[PEP202 listcomps] (was RE: [Python-Dev] List comprehension syntax (Features for Python 2.0))

Tim Peters tim_one@email.msn.com
Tue, 25 Jul 2000 18:08:47 -0400

[MAL, on /F's complaints about
    [for x in range(100): x*2]
> ...
> IMHO, the meaning of the differen parts is intuitively
> understandable from the fact that Python's standard "for"
> notation works in the same way.
> OTOH, the notation "x*2 for x in range(100)" looks strange to me
> and probably to others too, because it doesn't make clear what "x"
> really refers to until you read on... this is Python not Forth or
> Haskell !

The feature is taken from Haskell, which in turn adapted it from SETL.  Both
follow the long-established ordering of mathematical set-builder notation,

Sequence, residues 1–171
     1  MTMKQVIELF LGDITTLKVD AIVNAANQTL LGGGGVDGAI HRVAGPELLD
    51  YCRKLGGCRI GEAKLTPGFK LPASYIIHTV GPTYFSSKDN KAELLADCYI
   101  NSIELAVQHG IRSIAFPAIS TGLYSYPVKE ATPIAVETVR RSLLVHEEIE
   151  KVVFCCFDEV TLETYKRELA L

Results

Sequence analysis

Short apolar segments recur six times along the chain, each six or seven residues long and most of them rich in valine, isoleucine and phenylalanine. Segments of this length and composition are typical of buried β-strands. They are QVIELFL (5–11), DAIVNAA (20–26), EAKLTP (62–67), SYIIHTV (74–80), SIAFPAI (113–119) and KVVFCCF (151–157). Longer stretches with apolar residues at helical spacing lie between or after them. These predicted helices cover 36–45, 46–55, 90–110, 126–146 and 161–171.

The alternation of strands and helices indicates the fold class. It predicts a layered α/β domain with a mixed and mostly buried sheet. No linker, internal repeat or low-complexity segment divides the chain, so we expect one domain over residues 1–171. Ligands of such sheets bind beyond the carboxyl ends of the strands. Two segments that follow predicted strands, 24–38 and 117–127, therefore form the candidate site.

where the *expression* is leftmost.  It's the expression that's important,
not the incidental details of the iterators -- there's more than a century
of user experience behind that <0.6 wink>.

I'll note that everything "looks strange" the first time you see it.  It's
more important that it feels right after you grasp it.  That's the case
here!  When I see

    [x**2 for x in range(100)]

I (being a left-to-right reader) immediately grasp "ah, it's a list of
squares".  Write it

    [for x in range(100): x*2]

and it's simply harder to grasp (indeed, *that* "looks strange" to me -- it
looks like somebody started to write a "for" loop and made a typo).

In any case, this particular point was debated to death more than a year
ago, and Guido already Pronounced on it.

> ...
> Note that we could also extend the above by allowing multiple
> such constructs separated by commas:
> data = (1.3, 1.2, 1.1)
> l = [for x in data: 3*x,
>      for x in data: x/10]

Sure, and we could write


for Unicode lists too <wink>.  I see no advantage in the above over the
simpler construct, i.e.

   l = [3*x for x in data] + [x/10 for x in data]

except that it may be easier for a dirt-dumb implementation to optimize the